Do you think we should consider coding as a foreign language? Some people do, but others disagree. I searched social media to see what sides people are taking. I watch social media closely and it's my job to share some of the hot topics on Twitter, Facebook, Pinterest, and other outlets that teachers, principals, students, and parents are contributing.
Florida is about to become the first state that recognizes coding as a foreign language credit in school. According to an article on NPR, posted by Tech Learning on Twitter, Florida Governor Rick Scott is expected to pass the bill that will make this official. Supporters state that coding is an increasingly necessary skill as technology becomes more and more prevalent in our everyday lives. They also claim that increasing the incentive to take a coding class will encourage more students to sign up for them and to help kids realize that coding isn't as scary as it first sounds. However, not everyone supports the idea. Some people are arguing that foreign language proficiency is considered more important than coding skills, claiming that coding can be taught faster and easier than the years and dedication required to understand a foreign language.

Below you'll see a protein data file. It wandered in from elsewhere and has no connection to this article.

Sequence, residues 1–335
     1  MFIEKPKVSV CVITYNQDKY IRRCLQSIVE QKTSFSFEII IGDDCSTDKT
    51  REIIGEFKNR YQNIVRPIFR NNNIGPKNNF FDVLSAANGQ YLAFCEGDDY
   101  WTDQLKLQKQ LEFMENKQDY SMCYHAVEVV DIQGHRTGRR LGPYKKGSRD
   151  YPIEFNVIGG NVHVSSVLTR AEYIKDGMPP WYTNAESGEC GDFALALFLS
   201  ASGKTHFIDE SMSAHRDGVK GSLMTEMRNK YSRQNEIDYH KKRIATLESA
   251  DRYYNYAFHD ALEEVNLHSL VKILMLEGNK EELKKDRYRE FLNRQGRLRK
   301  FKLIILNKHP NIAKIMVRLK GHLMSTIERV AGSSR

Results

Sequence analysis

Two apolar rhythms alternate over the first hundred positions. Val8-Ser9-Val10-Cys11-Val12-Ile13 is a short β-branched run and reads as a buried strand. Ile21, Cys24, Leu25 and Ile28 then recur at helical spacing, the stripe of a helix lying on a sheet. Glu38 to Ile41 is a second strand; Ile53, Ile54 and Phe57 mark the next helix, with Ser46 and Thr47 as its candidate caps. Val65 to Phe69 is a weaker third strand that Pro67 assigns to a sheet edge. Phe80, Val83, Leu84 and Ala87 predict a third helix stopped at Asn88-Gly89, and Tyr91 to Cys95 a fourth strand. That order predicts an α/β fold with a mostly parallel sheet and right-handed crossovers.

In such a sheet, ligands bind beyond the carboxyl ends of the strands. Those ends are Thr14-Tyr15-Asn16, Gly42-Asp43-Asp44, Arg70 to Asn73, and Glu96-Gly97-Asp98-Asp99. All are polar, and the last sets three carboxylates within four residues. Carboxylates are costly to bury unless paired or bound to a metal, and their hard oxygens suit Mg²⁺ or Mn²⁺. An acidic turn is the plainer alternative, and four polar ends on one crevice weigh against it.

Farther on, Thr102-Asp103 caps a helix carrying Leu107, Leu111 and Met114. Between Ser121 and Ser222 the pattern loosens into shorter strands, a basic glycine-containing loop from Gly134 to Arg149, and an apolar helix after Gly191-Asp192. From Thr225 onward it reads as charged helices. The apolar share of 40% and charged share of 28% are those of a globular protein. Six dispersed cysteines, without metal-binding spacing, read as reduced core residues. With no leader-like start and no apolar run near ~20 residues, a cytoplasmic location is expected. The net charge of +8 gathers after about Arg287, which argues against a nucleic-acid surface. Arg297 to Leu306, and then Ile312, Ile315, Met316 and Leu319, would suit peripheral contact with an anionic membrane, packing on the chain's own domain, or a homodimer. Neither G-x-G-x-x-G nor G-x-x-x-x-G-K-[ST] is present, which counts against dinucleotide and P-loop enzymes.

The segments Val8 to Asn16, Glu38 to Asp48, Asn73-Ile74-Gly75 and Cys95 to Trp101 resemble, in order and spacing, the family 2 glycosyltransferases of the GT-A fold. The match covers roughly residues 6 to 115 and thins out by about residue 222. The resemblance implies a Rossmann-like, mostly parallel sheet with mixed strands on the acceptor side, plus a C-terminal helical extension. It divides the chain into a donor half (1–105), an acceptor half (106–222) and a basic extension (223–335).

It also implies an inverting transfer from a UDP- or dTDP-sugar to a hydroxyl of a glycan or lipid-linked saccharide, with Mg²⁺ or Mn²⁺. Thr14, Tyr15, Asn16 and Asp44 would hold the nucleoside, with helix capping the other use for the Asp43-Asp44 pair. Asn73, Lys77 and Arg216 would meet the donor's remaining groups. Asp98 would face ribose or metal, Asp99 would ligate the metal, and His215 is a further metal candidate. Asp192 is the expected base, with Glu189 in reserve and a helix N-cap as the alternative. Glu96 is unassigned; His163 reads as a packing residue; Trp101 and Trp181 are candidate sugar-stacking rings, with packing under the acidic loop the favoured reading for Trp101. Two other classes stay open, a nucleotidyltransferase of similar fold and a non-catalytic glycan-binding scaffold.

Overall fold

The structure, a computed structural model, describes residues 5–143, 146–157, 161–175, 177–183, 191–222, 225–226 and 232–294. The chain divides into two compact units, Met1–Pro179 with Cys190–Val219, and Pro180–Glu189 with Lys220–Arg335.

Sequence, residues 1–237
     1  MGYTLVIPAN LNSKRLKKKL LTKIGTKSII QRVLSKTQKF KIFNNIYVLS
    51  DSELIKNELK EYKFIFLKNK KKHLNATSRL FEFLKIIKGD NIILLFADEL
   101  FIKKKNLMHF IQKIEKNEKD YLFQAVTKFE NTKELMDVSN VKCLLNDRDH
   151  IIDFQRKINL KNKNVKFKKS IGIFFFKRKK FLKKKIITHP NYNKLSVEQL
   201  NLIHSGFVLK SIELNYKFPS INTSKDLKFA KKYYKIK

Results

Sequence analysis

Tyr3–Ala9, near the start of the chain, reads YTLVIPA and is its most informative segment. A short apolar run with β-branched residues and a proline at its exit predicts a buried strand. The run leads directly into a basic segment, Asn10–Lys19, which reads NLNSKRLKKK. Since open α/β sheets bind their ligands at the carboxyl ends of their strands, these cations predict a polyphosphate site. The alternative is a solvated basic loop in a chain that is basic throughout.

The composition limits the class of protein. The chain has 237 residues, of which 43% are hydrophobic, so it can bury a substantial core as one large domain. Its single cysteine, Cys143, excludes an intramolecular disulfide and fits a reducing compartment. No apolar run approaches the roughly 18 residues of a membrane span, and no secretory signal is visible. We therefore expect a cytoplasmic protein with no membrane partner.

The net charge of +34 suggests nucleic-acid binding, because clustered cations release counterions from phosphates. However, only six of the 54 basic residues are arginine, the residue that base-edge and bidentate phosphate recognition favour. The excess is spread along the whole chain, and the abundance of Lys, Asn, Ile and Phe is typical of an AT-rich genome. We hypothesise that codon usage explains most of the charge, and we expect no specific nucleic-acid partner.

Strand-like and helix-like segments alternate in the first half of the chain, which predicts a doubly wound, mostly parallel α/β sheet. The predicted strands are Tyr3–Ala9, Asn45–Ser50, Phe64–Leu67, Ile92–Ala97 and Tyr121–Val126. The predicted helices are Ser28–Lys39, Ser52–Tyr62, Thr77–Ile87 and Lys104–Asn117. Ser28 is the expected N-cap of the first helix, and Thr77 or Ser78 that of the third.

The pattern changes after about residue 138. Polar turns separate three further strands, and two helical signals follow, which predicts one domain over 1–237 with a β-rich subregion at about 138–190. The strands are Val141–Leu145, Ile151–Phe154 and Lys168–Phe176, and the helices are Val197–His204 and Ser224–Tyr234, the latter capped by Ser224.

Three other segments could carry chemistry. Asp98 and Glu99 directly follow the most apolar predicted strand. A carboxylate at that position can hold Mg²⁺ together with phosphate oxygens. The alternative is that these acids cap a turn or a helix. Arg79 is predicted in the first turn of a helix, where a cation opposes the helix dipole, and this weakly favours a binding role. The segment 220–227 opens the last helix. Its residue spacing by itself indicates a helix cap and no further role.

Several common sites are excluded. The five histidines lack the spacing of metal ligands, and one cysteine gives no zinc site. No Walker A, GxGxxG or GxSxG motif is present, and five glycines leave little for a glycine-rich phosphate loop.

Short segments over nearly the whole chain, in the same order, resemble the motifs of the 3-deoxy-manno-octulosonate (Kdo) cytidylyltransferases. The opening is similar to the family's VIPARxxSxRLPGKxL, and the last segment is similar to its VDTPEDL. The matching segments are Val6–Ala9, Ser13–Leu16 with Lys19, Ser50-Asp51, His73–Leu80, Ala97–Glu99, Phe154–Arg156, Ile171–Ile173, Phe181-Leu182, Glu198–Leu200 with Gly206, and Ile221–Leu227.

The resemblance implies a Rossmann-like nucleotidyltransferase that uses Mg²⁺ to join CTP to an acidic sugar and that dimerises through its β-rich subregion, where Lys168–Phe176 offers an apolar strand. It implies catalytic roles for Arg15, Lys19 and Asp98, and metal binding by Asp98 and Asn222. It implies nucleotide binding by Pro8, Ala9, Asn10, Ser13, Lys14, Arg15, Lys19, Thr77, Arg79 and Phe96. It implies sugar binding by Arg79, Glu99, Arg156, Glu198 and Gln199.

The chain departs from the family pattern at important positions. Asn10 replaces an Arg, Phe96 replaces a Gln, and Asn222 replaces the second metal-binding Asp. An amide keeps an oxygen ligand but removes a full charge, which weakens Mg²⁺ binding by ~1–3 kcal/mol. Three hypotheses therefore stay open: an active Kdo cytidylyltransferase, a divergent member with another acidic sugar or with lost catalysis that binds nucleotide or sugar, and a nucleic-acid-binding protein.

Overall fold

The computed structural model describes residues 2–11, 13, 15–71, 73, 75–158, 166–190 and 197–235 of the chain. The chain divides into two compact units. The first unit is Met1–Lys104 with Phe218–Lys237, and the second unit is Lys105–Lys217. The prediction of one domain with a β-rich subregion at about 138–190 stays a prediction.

What is your take on this subject? Do you think more states will pass a similar bill? What about the bigger implications? Is it fair to consider languages that talk to computers on the same level as ones used to talk to humans?
Tori Pakizer is the Social Media Editor at SimpleK12.com. She writes regularly about the use of educational technology in K-12 classrooms, and specializes in how teachers use Twitter, Facebook, Pinterest, and other social media. You can follow Tori and SimpleK12 on Twitter @SimpleK12. If you have ideas for using social media in schools, please send your information or tip to firstname.lastname@example.org.
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